BY: SHAWNTAE HARRIS
The hustle of a big city makes it almost impossible to relax sometimes. Hearing the loud cars go by and running to catch the train as the doors nearly close around you can be exhausting.
The only moment you can really take a second to breathe is in the back seat of the Uber that you ordered to avoid driving through rush hour on your own.
But now the minutes spent in the back of an Uber, walking down a crowded street or on the packed subway train can be spent relaxing.
Sway is an app designed for big city living. It helps people meditate on the go with a sensor that tracks users movements. The app is a collaboration between PauseAble, a meditation app, and Ustwo, a digital production studio.
The app was created by Peng Cheng and Ustwo’s Malmo studio who created the two-year updated app. Cheng created another meditation app two years prior called Pause, which allows you to meditate by continuously moving a bubble on a phone screen.
“How can we help people distress, refocus and recharge anywhere, anytime as part of their normal lives?” said Marcus Woxneryd, head of Ustwo Malmo to Wired.
The Sway app acts as a yoga instructor as well. It tells you whether to take longer breaths or shorter breaths. It uses the phone’s rotation tracker and accelerometers to measure the attention span of a person, and suggests things to do with your body like ‘do small controlled movements’.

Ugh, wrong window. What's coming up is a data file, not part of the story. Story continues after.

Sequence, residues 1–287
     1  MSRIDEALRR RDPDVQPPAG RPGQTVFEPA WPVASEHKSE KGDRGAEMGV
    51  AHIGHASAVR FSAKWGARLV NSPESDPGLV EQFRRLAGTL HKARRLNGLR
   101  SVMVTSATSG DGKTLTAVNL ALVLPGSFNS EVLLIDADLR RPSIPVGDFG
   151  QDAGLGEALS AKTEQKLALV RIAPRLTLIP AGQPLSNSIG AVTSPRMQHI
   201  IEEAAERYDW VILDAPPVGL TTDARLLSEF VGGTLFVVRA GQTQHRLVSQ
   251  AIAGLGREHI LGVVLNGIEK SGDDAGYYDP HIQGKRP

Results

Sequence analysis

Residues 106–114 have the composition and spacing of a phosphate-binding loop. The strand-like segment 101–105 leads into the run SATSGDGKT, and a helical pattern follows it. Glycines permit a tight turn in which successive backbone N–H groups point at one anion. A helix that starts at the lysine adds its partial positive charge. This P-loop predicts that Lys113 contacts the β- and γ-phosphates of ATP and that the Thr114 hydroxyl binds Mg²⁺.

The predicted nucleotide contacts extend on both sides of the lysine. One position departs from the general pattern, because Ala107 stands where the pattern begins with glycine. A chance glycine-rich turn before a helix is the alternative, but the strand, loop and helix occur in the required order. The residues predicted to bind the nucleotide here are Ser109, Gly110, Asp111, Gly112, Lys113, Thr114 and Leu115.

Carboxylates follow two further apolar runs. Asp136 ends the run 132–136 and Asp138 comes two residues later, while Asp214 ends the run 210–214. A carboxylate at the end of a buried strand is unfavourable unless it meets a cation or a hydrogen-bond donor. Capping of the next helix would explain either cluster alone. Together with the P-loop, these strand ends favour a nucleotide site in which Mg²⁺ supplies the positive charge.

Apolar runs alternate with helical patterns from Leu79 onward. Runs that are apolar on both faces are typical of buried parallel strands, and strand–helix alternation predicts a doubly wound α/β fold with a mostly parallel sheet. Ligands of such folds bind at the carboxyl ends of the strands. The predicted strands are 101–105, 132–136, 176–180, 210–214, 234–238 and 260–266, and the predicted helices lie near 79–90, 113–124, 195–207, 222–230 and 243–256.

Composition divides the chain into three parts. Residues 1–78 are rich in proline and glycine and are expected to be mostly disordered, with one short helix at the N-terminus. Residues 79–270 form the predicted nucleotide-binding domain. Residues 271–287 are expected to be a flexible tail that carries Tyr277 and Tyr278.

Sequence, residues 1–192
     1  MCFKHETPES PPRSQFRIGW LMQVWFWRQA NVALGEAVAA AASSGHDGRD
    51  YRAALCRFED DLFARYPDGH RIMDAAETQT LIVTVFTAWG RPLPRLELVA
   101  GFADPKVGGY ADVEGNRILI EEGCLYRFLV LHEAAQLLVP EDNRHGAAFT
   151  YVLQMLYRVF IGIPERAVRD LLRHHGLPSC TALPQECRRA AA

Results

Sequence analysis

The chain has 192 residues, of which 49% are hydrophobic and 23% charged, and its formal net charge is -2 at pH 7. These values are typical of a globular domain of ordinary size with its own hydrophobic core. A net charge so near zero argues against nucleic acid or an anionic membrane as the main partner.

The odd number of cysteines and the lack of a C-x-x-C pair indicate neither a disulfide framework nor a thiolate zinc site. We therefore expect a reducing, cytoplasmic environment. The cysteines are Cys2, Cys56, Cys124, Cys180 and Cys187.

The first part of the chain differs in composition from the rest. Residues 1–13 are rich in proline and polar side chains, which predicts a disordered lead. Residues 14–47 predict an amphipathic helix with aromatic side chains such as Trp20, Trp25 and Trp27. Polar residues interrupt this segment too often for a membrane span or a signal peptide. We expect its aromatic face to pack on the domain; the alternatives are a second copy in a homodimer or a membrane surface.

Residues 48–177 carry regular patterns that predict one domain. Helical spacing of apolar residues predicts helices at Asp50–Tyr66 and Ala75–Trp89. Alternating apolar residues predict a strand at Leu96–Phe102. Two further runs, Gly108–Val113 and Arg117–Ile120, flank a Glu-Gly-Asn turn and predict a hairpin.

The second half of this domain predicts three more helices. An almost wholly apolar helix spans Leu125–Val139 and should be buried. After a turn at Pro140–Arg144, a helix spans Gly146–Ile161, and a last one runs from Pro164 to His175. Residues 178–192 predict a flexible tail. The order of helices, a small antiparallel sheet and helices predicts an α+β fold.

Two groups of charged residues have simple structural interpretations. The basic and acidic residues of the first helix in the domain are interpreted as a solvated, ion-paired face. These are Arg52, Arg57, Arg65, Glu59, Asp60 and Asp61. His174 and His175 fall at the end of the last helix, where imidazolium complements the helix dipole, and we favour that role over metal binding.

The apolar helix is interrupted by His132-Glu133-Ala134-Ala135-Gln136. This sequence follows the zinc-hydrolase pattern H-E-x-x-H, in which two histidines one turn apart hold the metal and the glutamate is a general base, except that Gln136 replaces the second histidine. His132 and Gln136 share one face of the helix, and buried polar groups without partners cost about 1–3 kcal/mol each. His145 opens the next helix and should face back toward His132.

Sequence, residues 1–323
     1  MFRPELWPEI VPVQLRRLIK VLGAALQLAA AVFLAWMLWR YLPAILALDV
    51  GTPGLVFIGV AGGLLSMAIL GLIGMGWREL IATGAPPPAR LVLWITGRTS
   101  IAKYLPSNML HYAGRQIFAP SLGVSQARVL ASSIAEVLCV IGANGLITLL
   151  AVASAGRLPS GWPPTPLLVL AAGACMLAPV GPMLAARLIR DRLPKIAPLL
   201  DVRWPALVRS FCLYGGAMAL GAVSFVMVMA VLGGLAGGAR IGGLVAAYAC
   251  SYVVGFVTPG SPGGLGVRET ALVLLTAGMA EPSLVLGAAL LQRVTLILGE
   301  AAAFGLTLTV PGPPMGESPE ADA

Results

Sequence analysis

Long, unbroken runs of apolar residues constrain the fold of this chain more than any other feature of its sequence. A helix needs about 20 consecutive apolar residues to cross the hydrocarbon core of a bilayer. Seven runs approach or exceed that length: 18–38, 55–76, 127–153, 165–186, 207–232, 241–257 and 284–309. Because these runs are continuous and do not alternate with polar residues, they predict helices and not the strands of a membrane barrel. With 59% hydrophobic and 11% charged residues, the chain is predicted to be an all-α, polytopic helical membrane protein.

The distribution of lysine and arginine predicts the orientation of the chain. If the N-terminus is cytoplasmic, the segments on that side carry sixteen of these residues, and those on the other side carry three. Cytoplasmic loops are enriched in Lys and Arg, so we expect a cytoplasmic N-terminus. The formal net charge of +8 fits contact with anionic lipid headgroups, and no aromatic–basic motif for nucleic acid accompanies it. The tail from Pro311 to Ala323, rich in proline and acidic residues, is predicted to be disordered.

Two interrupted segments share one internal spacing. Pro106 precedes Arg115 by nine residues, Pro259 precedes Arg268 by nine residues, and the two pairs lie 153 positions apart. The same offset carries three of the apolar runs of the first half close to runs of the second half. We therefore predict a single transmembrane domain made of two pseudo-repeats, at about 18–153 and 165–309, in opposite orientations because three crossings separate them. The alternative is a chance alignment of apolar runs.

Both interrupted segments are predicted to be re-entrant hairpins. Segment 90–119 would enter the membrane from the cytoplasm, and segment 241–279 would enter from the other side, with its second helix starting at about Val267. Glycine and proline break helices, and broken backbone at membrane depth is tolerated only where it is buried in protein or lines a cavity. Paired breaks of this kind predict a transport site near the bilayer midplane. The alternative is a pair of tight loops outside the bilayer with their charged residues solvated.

The app will know when relaxation is over. It notices whenever someone moves around too much that they are not focusing enough.
This new approach is called interactive meditation, which, according to Sway, is supposed to detect humans’ attention through slow and gentle movements that thrive during noisy and active environments.
The forgotten sense
Sway is developed from the movements of the sixth sense. The last sense is the control of body movement. This occurs when we have complete control of our body and complete control of our movements – and we have control of how our movements will play out.
This then allows focus, clarity and complete relaxation. The only way to achieve this is when “the person directs and pays attention to the repetition of a word, sound, phrase, prayer, or muscular activity,” according to Ustwo. “The person passively disregards everyday thoughts that inevitably come to mind and returning to your repetition.” The meditation is supposed to be done for 20 minutes every day to get the full effect.
One in three Americans feel stressed on workdays
The survey found that Americans are stressed for 60 per cent of the work week. Most people turn to television, social media, and getting into comfy clothes as a way to destress at the end of the night.
Working out is another great solution to destress since it releases endorphines. But the stress can lead to anxiety and depression with some people.
Meditation can improve decision making, creativity, personal and work relationships. Taking 20 minutes out of your day to devote to meditation can make a huge difference in improving your mental health, and subsequently your overall happiness.